As I Lived the Utopian Dream…. A Gift from an Elder Sister

She turned seventeen last year, a figure of prime importance to my younger sister as this meant she was just a year away from her much-awaited adulthood.

I knew I had to make it extra special for her, so I decided to take a three-week backpacking trip to the Himalayas, a trip which would graduate both of us to travelers. We both had nurtured the dream of backpacking in the Himalayas since a long time and Spiti had to be our first destination due to its arid and mountainous relief features.

Although, the initial leg of our journey was quite smooth, the real test of mettle began once we were exposed to the revolting Spitian conditions. Here, we were vulnerable to the might, the grandeur and the beauty of the vista. The humongous scale of the mountains made us feel as small as ants and gave us a thorough reality-check by teaching us the insignificance of our chase of hedonistic pleasures in our lives as we were engrossed in a greater reality then-our survival in the inhospitable, harsh conditions of Spiti.

As none of us are proficient earners, we traveled in an extremely skimpy budget. We would walk and trek for hours, skip meals and survive on a packet of Snickers – which we had packed before setting on our journey- and would change our itineraries everyday as our wallets lacked lustre.

The Spitian mountains took us to the primeval way of life as we struggled to find food, water, civilization and shelter in a scantily-populated region. Undoubtedly, this trip pushed us to the very limits of our abilities.

The trip to Spiti was one of introspection and reincarnation. The destinations were glorified by the impulsive changes in plans and the impromptu turn-of-events in our journeys at the very last minute.

Being novice travelers, we did have our fair share of immature decisions taken at the heat and the passion of the moment only to realize the scale of our fault later, including a 26 km-long walk from Komic to Kaza. The walk had almost drained the life out of us due to thirst, hunger and a possible vulture and eagle attack. But what we achieved was a deeper insight into Nature as we walked in the midst of the haven of the fauna of Spiti – spotting Himalayan Blue Sheep, Himalayan Sheep Bharal and Mountain Goats dotting the landscapes – and learnt to follow the course of the trails left by the local shepherds.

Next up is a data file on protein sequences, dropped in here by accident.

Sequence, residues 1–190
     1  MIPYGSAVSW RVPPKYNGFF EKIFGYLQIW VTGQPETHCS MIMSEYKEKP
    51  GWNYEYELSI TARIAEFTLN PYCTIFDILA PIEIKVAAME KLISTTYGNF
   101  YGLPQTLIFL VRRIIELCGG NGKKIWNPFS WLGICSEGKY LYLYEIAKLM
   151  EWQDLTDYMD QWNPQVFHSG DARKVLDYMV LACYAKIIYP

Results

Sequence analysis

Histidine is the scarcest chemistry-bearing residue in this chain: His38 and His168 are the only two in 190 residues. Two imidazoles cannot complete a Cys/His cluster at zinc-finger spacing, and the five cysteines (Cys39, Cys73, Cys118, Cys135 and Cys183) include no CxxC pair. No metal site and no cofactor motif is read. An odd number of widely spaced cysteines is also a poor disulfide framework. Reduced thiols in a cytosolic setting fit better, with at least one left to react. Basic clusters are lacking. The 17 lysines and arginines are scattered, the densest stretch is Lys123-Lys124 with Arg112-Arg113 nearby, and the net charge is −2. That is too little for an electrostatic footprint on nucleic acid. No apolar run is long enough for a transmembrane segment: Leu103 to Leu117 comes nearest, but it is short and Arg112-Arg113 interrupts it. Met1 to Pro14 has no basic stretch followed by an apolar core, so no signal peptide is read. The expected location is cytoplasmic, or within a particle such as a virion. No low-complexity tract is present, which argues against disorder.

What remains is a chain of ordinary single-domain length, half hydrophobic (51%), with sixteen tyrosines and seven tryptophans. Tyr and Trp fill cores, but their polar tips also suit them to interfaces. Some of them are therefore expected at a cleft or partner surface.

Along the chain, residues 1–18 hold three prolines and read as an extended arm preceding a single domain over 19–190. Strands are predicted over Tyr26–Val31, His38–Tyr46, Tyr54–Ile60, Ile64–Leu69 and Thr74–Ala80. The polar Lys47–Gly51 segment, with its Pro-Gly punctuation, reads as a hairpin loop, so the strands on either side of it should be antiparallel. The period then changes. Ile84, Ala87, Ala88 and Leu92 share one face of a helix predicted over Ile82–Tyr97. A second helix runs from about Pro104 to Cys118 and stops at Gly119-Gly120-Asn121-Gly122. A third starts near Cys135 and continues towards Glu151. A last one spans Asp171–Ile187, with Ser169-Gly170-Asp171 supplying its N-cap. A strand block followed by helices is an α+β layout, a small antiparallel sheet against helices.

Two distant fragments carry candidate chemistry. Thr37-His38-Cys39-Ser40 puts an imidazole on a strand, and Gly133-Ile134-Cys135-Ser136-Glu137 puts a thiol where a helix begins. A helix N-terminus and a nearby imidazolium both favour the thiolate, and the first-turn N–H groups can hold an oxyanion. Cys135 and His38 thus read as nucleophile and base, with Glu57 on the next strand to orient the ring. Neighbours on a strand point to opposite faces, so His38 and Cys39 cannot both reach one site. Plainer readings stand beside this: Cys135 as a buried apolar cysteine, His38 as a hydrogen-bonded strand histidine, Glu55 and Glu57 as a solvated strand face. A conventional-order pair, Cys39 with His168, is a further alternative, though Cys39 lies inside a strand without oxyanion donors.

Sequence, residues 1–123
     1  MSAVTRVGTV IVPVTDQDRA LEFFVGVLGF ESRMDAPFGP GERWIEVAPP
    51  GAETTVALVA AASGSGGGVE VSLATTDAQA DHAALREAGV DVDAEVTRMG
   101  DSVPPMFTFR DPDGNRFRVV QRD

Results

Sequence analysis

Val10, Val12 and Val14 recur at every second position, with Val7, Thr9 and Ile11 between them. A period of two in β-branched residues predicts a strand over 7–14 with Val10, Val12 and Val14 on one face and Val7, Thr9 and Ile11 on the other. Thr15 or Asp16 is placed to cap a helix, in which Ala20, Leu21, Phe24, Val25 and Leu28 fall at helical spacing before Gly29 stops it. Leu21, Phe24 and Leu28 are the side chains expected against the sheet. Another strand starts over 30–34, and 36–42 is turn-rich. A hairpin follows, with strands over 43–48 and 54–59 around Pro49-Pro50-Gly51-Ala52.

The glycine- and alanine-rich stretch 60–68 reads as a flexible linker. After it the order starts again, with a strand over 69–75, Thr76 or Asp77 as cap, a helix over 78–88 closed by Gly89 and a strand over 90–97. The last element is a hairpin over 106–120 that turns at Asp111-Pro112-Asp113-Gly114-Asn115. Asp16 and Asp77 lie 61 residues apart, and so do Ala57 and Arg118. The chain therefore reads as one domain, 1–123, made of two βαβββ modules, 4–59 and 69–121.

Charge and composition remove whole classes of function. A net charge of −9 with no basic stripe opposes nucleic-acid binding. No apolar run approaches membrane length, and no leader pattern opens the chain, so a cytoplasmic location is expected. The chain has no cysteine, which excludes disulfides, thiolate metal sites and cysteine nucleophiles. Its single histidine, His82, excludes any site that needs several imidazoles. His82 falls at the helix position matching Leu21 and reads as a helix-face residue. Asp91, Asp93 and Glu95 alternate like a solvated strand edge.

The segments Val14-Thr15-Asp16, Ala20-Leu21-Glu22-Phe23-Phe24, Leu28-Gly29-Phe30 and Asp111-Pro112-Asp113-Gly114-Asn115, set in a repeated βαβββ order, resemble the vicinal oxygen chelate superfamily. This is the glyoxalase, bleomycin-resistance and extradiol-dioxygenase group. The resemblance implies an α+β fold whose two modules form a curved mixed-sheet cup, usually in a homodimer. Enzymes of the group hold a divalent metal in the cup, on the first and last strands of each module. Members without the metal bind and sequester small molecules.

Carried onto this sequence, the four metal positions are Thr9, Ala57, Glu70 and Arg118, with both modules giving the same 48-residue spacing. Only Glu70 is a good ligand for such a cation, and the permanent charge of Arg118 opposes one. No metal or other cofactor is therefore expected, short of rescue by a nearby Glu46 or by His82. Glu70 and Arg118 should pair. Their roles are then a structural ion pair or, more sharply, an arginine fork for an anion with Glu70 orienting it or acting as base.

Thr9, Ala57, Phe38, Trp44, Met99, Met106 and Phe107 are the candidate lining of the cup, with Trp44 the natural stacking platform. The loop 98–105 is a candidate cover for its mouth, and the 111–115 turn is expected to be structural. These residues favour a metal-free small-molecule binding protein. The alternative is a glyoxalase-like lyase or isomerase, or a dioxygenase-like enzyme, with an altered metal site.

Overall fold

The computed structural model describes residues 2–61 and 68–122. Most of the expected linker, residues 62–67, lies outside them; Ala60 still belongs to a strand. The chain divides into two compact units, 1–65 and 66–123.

Even the young fool in us was set free as we went berserk collecting fossils in Hikkim to be brought back as prized souvenirs, only to realize later in the walk about the added weight to the already 16 kg-heavy backpack.

Our journey did not end at Kaza that day, as we took the evening bus to reach Kibber, our next destination.

Spiti is a treasure-trove for travelers and to explore it with the closest person in your life can be ethereal.

Now when I look back at my trip, I often relate to the memory of a face that had the same expression of joy, of awe and of exhilaration as I had throughout my travel. The extraordinary nights I spent stargazing, the sublimity of the pristine Chandra Tal, the awe-inspiring grandeur of the mountains, the surrealism of the psychedelic vista, the beating sun, the bone-chilling cold, the mechanical toil of the climbs and the bruises suffered, the king-like feast after a two-day long hunger would not have been as enriching if I did not have someone to share these with.

As I lived the Utopian dream of living the life of a mountain-inhabitant for three-long weeks, I was swept over by a seventeen-year old braving the untamed mountains and venturing into the remotest of places of the country, only to emerge out stronger with every challenge.

One such evening in Komic while watching the changing hues of the setting sun paint the mountains, I was teary-eyed for I had perceived a divine bond with the Absolute. The person sitting next to me had her eyes fixed somewhere in the horizon, staring deep into the void, sobbing softly. We didn’t look at each other, neither did we say anything but I could hear the most beautiful words resounding in my sister’s silence.

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